1. Ok, so the metaphor …. We know she fixed something and it may have improved her stance etc, but did she do so much to have remove a weighted vest? I have no idea but the suggestion is intriguing.

        I am new to your blog over the last few wks and like Michael try to hang on with the descriptions. I’ve been working on actionable items like extension off inside ski and hips forward at time of flat ski. Also tried looser top buckles … This is novel!

        Been pondering the extent of extension possible in quicker slalom turns ….

        Anyhow, thanks!

      2. Tyler, welcome to The Skier’s Manifesto. Since you are new to the blog, you probable haven’t found the posts on the Birdcage experiments. Here’s a link to one – http://wp.me/p3vZhu-kD

        Two things influenced my perspective on ski technique and ski equipment. First, I was a runner before I skied. Like everyone else, I ran in flats. These were like low cut basketball shoes. The soles were flat and thin (no arch supports) with no heel drop (elevated heel). I never had knee pain or running injuries and I can’t recall my running mates having any until they started running in the new flared, raised heel jogging shoes that were marketed as designed for running and jogging. All of a sudden, running magazines were running feature articles on running injuries and overpronation is bad which eventually morphed into ‘any and all pronation is bad’. I didn’t even know what pronation was back then. I had never heard of the term.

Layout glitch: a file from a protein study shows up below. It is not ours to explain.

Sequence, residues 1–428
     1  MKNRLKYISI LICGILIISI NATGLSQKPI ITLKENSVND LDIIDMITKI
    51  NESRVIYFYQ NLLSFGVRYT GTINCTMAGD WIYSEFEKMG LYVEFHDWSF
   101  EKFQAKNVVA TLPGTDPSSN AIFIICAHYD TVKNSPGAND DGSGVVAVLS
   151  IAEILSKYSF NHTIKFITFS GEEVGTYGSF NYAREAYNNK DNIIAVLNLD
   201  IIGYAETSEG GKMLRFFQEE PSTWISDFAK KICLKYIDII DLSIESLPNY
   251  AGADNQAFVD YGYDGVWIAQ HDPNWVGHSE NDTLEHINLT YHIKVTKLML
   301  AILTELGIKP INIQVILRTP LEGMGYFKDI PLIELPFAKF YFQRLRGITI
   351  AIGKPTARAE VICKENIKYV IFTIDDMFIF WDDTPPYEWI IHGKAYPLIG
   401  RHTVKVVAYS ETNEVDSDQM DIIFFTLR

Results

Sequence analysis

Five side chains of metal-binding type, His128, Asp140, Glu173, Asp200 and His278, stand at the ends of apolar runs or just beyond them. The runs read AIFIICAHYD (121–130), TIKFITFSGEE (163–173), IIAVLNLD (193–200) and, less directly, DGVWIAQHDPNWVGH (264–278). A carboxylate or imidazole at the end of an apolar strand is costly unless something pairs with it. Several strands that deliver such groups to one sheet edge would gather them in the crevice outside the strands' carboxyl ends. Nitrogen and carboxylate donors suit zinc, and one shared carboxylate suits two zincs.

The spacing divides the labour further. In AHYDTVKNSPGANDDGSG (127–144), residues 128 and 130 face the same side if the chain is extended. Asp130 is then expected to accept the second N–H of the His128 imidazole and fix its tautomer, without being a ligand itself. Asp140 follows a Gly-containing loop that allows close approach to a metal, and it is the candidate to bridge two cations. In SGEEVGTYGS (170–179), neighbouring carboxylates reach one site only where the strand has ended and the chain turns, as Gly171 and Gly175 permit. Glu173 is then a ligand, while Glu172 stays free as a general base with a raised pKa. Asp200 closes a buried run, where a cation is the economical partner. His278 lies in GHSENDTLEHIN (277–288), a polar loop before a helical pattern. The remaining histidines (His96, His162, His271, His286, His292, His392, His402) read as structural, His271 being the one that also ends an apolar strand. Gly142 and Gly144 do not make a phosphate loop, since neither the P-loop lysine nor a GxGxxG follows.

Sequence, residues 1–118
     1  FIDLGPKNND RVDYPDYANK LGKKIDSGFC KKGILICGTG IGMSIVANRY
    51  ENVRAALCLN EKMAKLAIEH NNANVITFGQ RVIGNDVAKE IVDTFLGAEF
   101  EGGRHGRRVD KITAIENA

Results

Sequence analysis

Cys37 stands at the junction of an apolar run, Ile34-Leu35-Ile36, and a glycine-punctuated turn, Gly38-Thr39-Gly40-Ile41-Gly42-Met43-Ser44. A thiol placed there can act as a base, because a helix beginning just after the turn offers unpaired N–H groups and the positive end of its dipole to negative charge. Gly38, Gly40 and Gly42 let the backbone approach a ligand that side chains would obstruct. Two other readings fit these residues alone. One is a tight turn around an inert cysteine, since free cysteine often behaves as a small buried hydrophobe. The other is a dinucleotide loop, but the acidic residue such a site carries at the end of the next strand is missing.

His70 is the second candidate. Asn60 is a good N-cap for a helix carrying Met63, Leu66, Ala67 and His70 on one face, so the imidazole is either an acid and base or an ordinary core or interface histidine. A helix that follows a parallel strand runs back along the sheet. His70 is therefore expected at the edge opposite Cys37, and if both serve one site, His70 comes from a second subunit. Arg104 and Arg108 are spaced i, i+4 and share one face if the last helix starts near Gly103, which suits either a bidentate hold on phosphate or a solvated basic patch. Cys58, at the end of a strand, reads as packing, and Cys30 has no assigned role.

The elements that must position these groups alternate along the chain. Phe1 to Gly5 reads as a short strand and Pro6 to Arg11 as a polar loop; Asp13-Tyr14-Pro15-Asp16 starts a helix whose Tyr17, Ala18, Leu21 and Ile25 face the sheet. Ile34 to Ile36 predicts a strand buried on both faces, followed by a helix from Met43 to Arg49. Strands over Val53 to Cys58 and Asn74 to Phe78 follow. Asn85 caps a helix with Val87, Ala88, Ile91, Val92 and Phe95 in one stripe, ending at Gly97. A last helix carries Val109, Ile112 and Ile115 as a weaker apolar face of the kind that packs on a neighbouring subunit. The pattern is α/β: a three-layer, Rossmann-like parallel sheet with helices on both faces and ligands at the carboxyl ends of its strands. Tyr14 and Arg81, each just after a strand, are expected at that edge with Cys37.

The next thing that influenced me was easily becoming an elegant, expert skier using low-cut leather boots only to be reduced to a struggling beginner in the new high cuff rigid boots that were supposed to make skiing easier. Others suffered a similar fate. About the same time, I began to see the skier paradox. Out of shape friends skied well and easily while fit athletic friends struggled. The storyline that eventually became the standard industry line is that the foot functions best in skiing when its joints are immobilized in the ski boot which was supposed to equate with an orthopedic splint. At some point, ‘fixed in a neutral’ became part of the story line. It sounded good to me. If everyone says the earth is flat, then it must be flat……. right? But when I did what was supposed to be the optimal (and I did it exceptionally well) it mostly didn’t work especially for me. When I looked for evidence in the form of studies that showed that attempting to immobilize the joints of the foot provide benefits for skiing I couldn’t find any. In fact, I couldn’t really find much of anything in support of the objectives of ski boots and boot fitting which I later started to equate with weight vests on swimmers. So I started going in the opposite direction.